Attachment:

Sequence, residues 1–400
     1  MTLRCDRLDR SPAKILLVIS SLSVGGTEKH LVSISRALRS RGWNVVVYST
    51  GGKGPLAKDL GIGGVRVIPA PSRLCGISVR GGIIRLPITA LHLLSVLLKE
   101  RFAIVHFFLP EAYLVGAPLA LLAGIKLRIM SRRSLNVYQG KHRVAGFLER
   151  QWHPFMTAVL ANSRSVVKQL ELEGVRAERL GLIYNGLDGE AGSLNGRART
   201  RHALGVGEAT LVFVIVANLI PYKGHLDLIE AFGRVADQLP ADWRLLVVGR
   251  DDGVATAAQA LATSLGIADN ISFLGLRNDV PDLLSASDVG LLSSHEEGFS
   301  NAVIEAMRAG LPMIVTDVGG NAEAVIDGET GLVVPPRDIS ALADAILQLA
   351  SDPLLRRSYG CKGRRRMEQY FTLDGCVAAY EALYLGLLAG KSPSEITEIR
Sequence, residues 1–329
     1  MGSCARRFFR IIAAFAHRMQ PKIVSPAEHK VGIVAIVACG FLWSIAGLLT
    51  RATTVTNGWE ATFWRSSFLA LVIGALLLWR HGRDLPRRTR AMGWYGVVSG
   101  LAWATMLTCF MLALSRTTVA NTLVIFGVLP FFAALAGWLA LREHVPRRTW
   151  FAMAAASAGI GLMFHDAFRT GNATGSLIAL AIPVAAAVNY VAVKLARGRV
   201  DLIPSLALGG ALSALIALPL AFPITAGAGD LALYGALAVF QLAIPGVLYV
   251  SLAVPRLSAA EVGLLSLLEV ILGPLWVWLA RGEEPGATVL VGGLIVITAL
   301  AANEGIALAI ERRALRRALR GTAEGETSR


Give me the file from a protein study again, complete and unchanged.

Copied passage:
Sequence, residues 1–400
     1  MTLRCDRLDR SPAKILLVIS SLSVGGTEKH LVSISRALRS RGWNVVVYST
    51  GGKGPLAKDL GIGGVRVIPA PSRLCGISVR GGIIRLPITA LHLLSVLLKE
   101  RFAIVHFFLP EAYLVGAPLA LLAGIKLRIM SRRSLNVYQG KHRVAGFLER
   151  QWHPFMTAVL ANSRSVVKQL ELEGVRAERL GLIYNGLDGE AGSLNGRART
   201  RHALGVGEAT LVFVIVANLI PYKGHLDLIE AFGRVADQLP ADWRLLVVGR
   251  DDGVATAAQA LATSLGIADN ISFLGLRNDV PDLLSASDVG LLSSHEEGFS
   301  NAVIEAMRAG LPMIVTDVGG NAEAVIDGET GLVVPPRDIS ALADAILQLA
   351  SDPLLRRSYG CKGRRRMEQY FTLDGCVAAY EALYLGLLAG KSPSEITEIR
Sequence, residues 1–329
     1  MGSCARRFFR IIAAFAHRMQ PKIVSPAEHK VGIVAIVACG FLWSIAGLLT
    51  RATTVTNGWE ATFWRSSFLA LVIGALLLWR HGRDLPRRTR AMGWYGVVSG
   101  LAWATMLTCF MLALSRTTVA NTLVIFGVLP FFAALAGWLA LREHVPRRTW
   151  FAMAAASAGI GLMFHDAFRT GNATGSLIAL AIPVAAAVNY VAVKLARGRV
   201  DLIPSLALGG ALSALIALPL AFPITAGAGD LALYGALAVF QLAIPGVLYV
   251  SLAVPRLSAA EVGLLSLLEV ILGPLWVWLA RGEEPGATVL VGGLIVITAL
   301  AANEGIALAI ERRALRRALR GTAEGETSR